Last month the Fuji-Keizai Group released its latest biennial review of the global market for fuel cells, “Future Outlook for Fuel Cell-Related Technology and Market in 2018.” This is at least the third iteration of the report, and comparison across the different editions shows how expectations have evolved. The report features both polymer electrolyte and solid oxide fuel cells. Although not mentioned in the report, a number of groups are working on direct ammonia versions of both technologies.
Last year, Yara Sluiskil, in the Netherlands, upgraded its existing ammonia plant by introducing a hydrogen pipeline connection, thereby reducing its reliance on fossil fuels. The pipeline was commissioned in October 2018 and now "ensures the efficient and safe transport of hydrogen," which was previously a waste-product at Dow's nearby ethylene cracker. Already, the project "delivers a CO2 saving of 10,000 tons" and a decrease in energy consumption of "0.15 petajoules (PJ) per year."
This is, perhaps, the first ammonia plant decarbonization revamp, and it shows that it is both possible and affordable to reduce emissions from existing ammonia plants today.
In June 2018, MAN Diesel & Turbo rebranded itself MAN Energy Solutions, reflecting the maritime engine market leader's "strategic and technological transformation" towards sustainability. The company was "taking a stand for the Paris Climate Agreement and the global pursuit of a carbon-neutral economy." According to Uwe Lauber, Chairman of the Board, "our activities have a significant impact on the global economy. In shipping, for example, we move more than half of the global stream of goods ... [and] the path to decarbonising the maritime economy starts with fuel decarbonisation, especially in container shipping."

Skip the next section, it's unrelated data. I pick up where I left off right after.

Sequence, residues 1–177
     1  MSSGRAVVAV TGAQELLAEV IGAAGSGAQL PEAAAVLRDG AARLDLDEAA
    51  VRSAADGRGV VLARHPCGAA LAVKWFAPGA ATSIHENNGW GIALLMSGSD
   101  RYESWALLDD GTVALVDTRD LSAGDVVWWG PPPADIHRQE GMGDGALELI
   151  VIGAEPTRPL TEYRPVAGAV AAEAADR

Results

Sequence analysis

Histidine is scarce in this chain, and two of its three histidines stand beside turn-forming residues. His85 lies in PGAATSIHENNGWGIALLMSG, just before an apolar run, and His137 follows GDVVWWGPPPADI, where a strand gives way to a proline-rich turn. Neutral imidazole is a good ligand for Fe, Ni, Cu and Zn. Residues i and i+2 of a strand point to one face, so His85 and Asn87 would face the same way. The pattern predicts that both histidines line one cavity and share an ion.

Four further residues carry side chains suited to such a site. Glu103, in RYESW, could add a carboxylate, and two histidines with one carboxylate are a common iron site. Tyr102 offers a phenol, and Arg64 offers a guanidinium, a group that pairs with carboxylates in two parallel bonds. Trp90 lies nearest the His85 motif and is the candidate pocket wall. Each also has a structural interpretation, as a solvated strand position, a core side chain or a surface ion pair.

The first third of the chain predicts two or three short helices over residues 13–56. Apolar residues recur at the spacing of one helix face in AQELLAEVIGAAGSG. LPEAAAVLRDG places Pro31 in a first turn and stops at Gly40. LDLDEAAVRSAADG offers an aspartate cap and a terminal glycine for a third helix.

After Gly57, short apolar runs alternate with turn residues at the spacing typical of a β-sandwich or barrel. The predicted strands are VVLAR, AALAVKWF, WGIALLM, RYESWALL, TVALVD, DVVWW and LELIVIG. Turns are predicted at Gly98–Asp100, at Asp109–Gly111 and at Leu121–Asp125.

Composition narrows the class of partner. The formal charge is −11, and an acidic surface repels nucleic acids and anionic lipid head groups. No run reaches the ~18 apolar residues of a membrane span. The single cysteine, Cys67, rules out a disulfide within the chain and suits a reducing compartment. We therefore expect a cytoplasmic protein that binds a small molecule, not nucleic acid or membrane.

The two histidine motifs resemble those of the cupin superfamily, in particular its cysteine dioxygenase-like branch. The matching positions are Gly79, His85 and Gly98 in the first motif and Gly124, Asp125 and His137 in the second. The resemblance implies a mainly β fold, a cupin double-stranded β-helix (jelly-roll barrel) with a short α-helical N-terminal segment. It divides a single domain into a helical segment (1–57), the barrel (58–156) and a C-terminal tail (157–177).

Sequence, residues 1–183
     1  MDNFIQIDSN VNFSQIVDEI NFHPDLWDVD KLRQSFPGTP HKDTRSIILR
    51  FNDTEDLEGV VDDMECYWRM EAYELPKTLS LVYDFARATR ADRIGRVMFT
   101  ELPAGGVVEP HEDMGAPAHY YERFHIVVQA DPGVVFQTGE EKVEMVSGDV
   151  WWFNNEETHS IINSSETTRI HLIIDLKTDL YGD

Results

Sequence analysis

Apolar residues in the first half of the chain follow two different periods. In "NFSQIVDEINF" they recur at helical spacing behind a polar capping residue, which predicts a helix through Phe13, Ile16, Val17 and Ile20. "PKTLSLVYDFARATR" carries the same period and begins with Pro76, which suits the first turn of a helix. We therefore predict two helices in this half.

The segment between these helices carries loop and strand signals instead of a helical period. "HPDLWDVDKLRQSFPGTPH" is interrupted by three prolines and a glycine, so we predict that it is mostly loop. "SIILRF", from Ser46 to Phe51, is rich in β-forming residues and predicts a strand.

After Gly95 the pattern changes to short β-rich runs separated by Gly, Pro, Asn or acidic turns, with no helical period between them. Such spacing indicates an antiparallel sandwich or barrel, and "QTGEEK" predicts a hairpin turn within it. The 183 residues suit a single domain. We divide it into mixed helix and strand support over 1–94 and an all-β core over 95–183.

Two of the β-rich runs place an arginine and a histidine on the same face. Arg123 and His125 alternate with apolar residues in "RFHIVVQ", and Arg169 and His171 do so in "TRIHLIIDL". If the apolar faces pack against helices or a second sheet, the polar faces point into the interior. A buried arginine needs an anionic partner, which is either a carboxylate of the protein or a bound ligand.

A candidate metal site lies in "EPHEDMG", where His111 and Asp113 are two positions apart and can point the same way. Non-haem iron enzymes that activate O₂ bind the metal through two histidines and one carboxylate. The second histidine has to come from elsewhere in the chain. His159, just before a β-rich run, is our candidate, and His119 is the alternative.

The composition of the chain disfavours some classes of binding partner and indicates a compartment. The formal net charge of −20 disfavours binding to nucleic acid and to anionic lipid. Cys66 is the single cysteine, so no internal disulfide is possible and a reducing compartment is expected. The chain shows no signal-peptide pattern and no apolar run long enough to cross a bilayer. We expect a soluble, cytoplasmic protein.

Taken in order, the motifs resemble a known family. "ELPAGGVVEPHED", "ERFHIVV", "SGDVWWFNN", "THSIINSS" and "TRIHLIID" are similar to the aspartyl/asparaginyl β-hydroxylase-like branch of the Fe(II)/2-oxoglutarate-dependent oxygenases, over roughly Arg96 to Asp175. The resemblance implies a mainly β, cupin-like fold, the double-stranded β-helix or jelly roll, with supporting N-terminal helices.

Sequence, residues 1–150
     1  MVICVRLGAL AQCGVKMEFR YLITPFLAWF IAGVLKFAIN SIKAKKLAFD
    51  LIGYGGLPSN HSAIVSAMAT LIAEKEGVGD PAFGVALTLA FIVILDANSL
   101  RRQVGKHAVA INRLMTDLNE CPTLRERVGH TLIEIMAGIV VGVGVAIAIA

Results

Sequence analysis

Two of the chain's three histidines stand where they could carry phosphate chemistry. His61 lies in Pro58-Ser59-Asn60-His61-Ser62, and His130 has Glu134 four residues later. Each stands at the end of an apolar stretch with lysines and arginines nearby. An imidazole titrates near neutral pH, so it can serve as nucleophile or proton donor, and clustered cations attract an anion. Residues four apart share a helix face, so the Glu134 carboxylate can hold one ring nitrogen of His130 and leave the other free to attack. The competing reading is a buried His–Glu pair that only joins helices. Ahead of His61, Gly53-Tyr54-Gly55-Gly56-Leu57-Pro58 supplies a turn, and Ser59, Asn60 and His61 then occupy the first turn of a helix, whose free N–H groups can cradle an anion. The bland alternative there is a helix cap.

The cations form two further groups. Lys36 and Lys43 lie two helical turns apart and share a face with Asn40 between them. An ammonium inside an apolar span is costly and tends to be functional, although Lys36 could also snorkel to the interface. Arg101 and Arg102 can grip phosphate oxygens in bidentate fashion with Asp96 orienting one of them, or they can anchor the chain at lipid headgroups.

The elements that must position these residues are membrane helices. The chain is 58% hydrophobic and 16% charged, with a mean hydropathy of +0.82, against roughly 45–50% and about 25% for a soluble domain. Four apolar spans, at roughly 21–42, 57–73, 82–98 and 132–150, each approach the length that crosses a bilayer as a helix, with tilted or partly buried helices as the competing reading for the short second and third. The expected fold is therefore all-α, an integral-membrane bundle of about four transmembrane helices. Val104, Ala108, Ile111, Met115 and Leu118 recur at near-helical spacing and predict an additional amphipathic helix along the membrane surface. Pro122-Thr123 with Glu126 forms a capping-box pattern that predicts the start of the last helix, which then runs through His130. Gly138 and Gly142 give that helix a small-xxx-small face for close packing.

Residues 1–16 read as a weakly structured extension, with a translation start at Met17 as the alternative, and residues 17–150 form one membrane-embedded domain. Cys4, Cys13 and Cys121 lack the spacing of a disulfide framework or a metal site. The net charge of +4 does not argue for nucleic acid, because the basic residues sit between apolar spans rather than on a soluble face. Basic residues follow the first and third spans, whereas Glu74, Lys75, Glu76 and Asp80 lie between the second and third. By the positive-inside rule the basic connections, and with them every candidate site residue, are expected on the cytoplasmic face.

This week, the company took a significant step towards realizing its vision, disclosing that it is "pressing ahead with developing ... an ammonia-fuelled engine." This builds on the technology development pathway that MAN ES presented at the NH3 Energy+ Topical Conference at Pittsburgh in October 2018. The budget and timeline are set: the €5 million (USD$5.7 million) project will last two to three years and, if the shipowners decide to deploy the finished product, "the first ammonia engine could then be in operation by early 2022."
At the recent NH3 Energy Implementation Conference in Pittsburgh, USA, the keynote speech was given by Shigeru Muraki, Program Director of Japanese government's SIP Energy Carriers project. Muraki is also Chairman of the Green Ammonia Consortium, which will assume responsibility for coordinating the development and deployment of ammonia energy technologies in Japan when the SIP concludes in April 2019.
Given both these roles, Muraki was well placed to address not only the recent years of intense research and development in Japan, but also the near-term roadmap for commercial deployment of ammonia energy technologies.